This is my second
article posted on ARC, my first being the F-4G about a year ago. After receiving
all the feedback (thanks!), I decided to post my most recent model, the F-16.
Please excuse the not-so-great quality pictures from my camera.
I used the
excellent Black Box F-16C cockpit for this project (the revised one with
the added rear section). It required a fair amount of dry fitting to
get everything lined up, but it wasn't too difficult. As an aid in
painting the cockpit, I used David Aungst's article on how he painted his
F-14 Black Box cockpit posted on Hyperscale. Using this, I
achieved a very nice finish on my cockpit. I also used Eduard
photoetch on the cockpit sils, HUD, and canopy.
image below to see larger image
The construction of the model
went without any major fit problems. I lowered the flaps to a slight
angle, much like the real Vipers after sitting on the flight line for a while.
The "big mouth" intake had several large gaps which were a pain to
fix. I almost sanded through the plastic, but eventually, I was able to
attain a nice, smooth finish. The nose pitot was replaced with wire
and faired into the nose with super glue. After breaking off the
antenna located in front of the vertical stabilizer several times, I waited
until just before paining before gluing it on the last time. I sanded the
molding line on the canopy smooth and polished it using Bare Metal Foil plastic
polish. This stuff worked so well, I didn't have to bother with dipping
the canopy in Future. On the real Viper I was modeling, the main section
of the canopy has a green tint. To try to replicate this, I added green
food coloring to future and tried painting it on. After several attempts,
all of which ended in dust particles being trapped in the surface or uneven
coverage, I tried something new. I took a green permanent marker and
heavily applied the ink over small sections of the canopy. Then, I rubbed
the ink with a rubbing alcohol soaked cotton swab until there was only a faint
green haze left from the ink on the canopy. It's not very noticeable,
especially in the photographs, but it is there. I created the ALQ-184
jammer pod from a Hasegawa ALQ-119 pod. After alot of cutting and gluing
and sanding, I got it to look pretty nice. I which one of the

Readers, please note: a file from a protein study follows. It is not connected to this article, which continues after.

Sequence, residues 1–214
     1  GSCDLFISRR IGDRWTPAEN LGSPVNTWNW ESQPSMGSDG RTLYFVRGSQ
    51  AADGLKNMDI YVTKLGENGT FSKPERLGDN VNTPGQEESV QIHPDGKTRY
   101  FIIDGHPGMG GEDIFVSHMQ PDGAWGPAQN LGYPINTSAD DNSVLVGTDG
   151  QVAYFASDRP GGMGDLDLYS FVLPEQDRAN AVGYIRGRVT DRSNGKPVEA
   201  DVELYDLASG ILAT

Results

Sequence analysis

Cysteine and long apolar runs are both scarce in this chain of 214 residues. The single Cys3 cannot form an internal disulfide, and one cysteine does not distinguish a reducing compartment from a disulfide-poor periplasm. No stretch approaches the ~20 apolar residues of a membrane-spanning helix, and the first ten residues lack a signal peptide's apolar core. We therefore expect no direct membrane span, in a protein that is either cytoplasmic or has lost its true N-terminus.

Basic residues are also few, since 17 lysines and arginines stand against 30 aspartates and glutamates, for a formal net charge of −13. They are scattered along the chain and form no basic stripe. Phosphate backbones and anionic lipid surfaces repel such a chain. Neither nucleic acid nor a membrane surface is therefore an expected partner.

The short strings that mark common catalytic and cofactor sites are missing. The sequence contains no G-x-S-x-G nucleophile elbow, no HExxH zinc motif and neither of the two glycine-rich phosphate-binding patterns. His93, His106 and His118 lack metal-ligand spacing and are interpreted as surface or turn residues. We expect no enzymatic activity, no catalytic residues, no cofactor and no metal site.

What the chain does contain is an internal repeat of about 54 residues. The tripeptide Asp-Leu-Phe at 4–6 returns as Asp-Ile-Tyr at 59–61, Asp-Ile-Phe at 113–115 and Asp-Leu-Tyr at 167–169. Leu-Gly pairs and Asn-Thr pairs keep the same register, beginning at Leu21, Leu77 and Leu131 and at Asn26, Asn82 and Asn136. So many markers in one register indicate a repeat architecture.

aftermarket companies would produce this pod, considering it's widespread
use nowadays. The other weapons came straight from the kit. The
HARMs and AMRAMMs were especially well detailed.
images below to see larger images
used model master paints for most of the camouflage, except for the metal areas
of the afterburner, which was painted with SNJ aluminum. I used the
TwoBobs decal set 48-024 F-16C Shaw Vipers
for markings, which turned out very nice. They responded well to
setting solution and caused no trouble. After studying several pictures of
the particular aircraft I was modeling, I found that the decal representing the
ground crew names located on the inside of the nose gear door were too small.
Also, the last three digits of the serial number of the aircraft are located on
the outside of the nose gear door, but they were not included on the decal
sheet. I typed both of these items and printed them on decal paper using
an inkjet printer. I used chalk pastels and an enamel wash for weathering.
created the static dischargers from toothbrush bristles and glued them to the
back edges of the wings and stabilizers. I didn't permanently glue on the
main section of the canopy; it's held on with blue-tac so it can be easily
removed to see the cockpit. The clear navigation light at the top of
the vertical stabilizer was replaced with a piece of clear plastic. I'd
like to thank all the ARC'ers, and especially Steve B., who helped me with
this project and article! I could not have ever done this without you!